Immelman pampered after winning Masters

Masters Tournament winner Trevor Immelman on Tuesday wears the champion's green jacket as he views New York from the 86th floor observation deck at the top of the Empire State Building.

For someone who's on top of the world, Trevor Immelman has spent a lot of time looking up the past few days.


One day after becoming the Masters champion, Immelman was courtside at Madison Square Garden for the Boston Celtics' 99-93 victory over the New York Knicks. He was invited to the Celtics' locker room at halftime by coach Doc Rivers, who wanted his team to shake hands with a champion.

"There might have been a trainer that was shorter than me," said Immelman, who stands 5-foot-9 with the help of golf spikes. "But I'm standing next to Paul Pierce and Kevin Garnett, and I'm belt-high. It's pretty incredible that human beings are that damn big."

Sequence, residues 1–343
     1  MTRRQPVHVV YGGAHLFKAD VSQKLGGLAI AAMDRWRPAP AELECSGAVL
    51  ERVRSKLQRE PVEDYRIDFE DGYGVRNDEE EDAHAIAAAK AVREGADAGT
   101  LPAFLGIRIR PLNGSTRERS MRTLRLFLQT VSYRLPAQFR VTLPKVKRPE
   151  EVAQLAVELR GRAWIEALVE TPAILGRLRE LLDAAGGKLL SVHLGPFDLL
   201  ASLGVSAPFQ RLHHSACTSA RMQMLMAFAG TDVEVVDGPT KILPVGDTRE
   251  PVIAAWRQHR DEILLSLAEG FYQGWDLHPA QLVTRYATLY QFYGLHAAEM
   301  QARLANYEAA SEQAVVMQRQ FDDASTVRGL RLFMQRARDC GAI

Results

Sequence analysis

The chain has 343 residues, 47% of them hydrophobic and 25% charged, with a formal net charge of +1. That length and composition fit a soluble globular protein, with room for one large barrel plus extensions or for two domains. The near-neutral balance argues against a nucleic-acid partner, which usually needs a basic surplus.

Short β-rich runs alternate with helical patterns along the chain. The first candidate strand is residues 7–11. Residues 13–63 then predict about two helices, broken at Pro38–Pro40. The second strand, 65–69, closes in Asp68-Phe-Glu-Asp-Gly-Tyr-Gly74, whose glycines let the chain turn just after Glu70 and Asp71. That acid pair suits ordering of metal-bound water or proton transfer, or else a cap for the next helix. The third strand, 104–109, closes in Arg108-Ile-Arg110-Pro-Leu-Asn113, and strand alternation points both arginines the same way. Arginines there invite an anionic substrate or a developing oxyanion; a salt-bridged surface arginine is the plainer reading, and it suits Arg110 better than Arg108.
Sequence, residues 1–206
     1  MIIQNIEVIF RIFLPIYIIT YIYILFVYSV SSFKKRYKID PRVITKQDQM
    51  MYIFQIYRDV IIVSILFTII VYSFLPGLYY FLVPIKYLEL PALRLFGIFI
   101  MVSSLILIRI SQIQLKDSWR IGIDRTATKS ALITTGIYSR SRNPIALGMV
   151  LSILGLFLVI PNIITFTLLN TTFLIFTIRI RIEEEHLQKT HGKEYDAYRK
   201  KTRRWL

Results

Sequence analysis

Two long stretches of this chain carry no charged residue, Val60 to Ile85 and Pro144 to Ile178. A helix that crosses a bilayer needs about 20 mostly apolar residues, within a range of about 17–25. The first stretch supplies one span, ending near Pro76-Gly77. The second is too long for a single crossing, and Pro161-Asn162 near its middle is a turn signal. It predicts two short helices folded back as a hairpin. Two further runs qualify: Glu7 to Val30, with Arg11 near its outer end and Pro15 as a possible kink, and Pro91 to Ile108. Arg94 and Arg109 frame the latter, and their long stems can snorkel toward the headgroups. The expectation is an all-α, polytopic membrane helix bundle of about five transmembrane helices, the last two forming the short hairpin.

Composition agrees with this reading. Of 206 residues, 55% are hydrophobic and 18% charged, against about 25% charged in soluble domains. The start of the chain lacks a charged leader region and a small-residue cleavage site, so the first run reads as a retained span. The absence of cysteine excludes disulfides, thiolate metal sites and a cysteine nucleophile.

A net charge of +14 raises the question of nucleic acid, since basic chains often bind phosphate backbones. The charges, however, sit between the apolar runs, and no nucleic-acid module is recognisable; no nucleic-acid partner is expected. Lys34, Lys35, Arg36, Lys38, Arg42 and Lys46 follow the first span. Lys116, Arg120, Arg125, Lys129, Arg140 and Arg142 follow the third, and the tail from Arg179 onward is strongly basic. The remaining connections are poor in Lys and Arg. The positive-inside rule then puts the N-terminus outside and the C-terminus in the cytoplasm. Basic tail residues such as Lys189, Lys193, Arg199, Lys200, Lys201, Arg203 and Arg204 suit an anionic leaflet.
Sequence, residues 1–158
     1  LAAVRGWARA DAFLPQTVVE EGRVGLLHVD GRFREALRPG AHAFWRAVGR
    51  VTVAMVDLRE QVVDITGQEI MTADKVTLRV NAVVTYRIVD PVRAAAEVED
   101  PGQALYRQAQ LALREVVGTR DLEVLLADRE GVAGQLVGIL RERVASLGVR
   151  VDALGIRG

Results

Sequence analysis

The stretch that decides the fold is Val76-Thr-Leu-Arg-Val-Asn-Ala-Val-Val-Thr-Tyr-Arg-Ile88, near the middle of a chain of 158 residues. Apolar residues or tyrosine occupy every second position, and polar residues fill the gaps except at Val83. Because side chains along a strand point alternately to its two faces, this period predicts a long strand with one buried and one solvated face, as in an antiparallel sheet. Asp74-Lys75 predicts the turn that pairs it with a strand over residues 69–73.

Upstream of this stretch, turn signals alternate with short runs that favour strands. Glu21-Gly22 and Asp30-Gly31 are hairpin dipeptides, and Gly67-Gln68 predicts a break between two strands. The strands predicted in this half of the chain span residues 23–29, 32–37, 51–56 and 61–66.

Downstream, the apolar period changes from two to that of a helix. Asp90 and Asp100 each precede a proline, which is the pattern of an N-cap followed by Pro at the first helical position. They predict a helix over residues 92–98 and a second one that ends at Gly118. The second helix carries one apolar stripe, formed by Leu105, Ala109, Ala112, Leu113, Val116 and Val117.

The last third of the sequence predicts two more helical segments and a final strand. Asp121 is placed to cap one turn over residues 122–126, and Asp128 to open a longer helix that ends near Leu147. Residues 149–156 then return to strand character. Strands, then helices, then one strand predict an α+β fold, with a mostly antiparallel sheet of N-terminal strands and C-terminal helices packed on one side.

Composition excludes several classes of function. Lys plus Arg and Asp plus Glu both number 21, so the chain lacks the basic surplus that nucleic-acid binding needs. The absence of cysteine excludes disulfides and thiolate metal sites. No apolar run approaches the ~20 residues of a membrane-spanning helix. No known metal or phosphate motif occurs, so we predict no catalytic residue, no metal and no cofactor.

Tuesday morning, he was taken by limousine to the Empire State Building for a photo shoot atop the tallest building in Manhattan.

There also were TV and radio interviews on the agenda, including his reading of a Top 10 list on the Late Show with David Letterman and an appearance on Live with Regis and Kelly .

The highlight, though, might have been halftime.

Born and raised in South Africa, he now lives in Orlando, Fla., and loves the NBA. Immelman is a regular at Orlando Magic games. Even so, he found it surreal to be among giants.

"They were telling me they were in Atlanta and watched the end of the tournament and that they were proud of me," Immelman said. "It's kind of weird to see superstars congratulate me on something I've done."

Until his Masters victory, Immelman said his greatest golfing achievement had been winning the Nedbank Challenge four months ago in South Africa, an event he regards one notch below the majors.

That celebration wasn't quite like this one.

Immelman wasn't getting a whirlwind tour of New York, rather he was in a hospital listening to doctors explain that the pain he felt in his rib cage turned out to be a tumor in his diaphragm -- he later found out it was benign.

"Since I was a young boy, very deep down I felt I was good enough to win a major," Immelman said. "As crazy a game as golf is, you go through periods where you doubt yourself. After the surgery, I pretty much had to start at Level 1 again and build my game up again.

"It was unbelievable timing to find my form last week."


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